Key Considerations while Defining Hybrid Cloud SLA

By CIOReview | Friday, June 16, 2017
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End-users are usually unaware and ignorant about whether an organization’s IT services are hosted on a public, private, or hybrid cloud, leaving the whole burden on IT. The primary pressure on IT originates during the downtime of a service or loss of any data. Service-level agreements (SLA) were built for providers to meet certain conditions for their clients, and as IT organizations have started adopting hybrid clouds—defining these SLAs has become increasingly complex. Organizations can structure an SLA for cloud with the foresight and understandings of regulatory compliance, security, and governance requirements.

The main issue with hybrid clouds is that they are not static systems as the cloud is a combination of public and private services—working in unison as a single system. Hence, any one component can prove to be the weakest link as it is a fluid system, and it is essential for organizations to understand who owns all the parts of the stack in the new hybrid environment and who has what responsibility. Developing SLAs need a clear understanding of ownership and support for all these disparate parts of the infrastructure. Each company will have different requirements and priorities, but the following considerations can help organizations get started on hybrid SLA journey.

Understanding the Overall Level of Service

Analyzing and understanding the organizational limitations better enables selecting the proper cloud services based not just on the price but also on the SLA offered by the company. SLAs can include a public cloud service proposing a comprehensive uptime SLA based on providing redundancy of all their services or providing a virtual private network for extra security. It can also or indemnifying the business against any legal action based on their failure to live up to an SLA. Understanding the needs of each business unit can help in deciding the best suited SLAs and when it is required to keep a service behind the firewall in the private cloud or the data center.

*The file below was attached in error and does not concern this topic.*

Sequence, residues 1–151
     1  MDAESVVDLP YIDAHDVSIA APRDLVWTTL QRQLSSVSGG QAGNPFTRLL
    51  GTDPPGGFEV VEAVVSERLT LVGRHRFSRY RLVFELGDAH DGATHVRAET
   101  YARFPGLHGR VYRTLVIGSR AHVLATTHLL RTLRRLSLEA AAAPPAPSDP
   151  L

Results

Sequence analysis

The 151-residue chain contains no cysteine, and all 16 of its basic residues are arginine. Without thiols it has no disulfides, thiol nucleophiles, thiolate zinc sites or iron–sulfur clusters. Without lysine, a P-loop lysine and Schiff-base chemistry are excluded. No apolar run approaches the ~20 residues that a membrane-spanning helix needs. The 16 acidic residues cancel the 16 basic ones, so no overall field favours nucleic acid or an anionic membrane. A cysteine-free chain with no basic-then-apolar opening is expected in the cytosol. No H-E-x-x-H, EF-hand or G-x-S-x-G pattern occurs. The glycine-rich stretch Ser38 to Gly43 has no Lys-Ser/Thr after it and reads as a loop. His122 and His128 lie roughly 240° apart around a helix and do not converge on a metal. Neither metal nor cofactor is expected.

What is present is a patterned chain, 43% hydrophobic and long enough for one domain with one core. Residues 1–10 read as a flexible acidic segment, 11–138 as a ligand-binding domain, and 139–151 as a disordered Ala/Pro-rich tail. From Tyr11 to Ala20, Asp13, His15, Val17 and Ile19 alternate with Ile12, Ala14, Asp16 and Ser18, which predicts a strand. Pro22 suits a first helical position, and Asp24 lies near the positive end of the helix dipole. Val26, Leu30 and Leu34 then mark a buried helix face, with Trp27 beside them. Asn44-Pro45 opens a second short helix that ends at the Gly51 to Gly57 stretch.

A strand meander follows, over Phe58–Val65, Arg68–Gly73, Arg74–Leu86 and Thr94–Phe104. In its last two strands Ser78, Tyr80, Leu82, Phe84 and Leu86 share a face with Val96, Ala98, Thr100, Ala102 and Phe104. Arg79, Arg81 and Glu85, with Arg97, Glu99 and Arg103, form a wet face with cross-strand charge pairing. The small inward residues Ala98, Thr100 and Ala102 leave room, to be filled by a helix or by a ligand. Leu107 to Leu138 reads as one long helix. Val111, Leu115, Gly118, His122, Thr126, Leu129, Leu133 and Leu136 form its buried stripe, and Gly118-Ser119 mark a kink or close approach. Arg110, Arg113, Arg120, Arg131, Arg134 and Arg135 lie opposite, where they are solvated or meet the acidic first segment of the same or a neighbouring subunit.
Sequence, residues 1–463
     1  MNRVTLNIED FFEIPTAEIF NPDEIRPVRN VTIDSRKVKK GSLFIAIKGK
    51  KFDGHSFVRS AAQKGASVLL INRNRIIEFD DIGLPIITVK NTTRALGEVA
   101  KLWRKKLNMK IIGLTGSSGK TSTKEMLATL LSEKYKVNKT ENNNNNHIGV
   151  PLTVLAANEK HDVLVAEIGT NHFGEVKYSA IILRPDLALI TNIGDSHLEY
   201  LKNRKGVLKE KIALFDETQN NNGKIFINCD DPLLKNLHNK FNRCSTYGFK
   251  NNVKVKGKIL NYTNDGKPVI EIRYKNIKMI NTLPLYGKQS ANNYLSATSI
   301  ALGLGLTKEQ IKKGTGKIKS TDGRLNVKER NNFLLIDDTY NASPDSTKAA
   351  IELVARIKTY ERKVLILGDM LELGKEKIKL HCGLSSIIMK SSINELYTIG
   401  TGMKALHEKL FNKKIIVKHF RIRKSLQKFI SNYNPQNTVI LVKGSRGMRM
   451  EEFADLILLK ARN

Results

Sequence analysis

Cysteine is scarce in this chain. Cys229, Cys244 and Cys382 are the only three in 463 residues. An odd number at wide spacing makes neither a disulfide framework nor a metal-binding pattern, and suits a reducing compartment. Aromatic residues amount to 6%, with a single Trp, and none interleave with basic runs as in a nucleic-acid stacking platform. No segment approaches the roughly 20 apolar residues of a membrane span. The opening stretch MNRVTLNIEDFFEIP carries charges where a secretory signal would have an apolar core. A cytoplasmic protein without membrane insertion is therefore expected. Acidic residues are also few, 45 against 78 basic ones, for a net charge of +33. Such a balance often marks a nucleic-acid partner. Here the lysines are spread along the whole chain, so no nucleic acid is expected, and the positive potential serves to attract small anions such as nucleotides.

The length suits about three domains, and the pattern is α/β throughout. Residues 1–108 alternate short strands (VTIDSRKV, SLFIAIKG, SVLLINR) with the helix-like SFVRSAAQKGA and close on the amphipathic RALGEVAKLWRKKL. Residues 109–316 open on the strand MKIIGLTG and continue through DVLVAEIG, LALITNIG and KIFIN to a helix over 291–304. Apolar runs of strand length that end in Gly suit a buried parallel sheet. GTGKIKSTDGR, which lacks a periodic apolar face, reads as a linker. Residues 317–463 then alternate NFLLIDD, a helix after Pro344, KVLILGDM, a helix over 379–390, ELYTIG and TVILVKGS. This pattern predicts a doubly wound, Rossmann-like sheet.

Negotiating type of penalties with cloud service providers

An SLA contract has to match the operational requirements. Hence, identifying the areas that need a higher level of service is necessary for negotiating contract terms. Managing the integrity and security of data, and determining the value of all the data maintained in the hybrid cloud environment must be a priority. Some company data like financial results need a high level of protection while the loss of data like background information and industry statistics will not affect the health of the enterprize. Part of the overall hybrid SLA must include a clause for handling disasters. The cloud providers and the organization’s private cloud must have a coordinated backup plan in such scenarios. Organizations must also find a way to create a coordinated SLA between the major parties. As this initiative will be a new idea to many public cloud providers and the IT organization, a significant education process is necessary to be implemented.

Understanding the monitoring activity

The main responsibility for monitoring the processes in the hybrid cloud is on the organization itself. Therefore, organizations need to consider the type of tools and techniques that will allow having access to performance monitoring for each of the services. At the same time, organizations also need a service management strategy in order to look at the entire picture of the hybrid environment.

Managing the integrity and security of data must be a priority

Every organization needs to understand the value of all the information managed in their hybrid cloud environment. Different types of organizational data need various kinds of accessibility and security depending on how sensitive the data is for the company. Some countries may also impede the way how and where personal information is stored and accessed. Hence, an SLA must cover all these issues.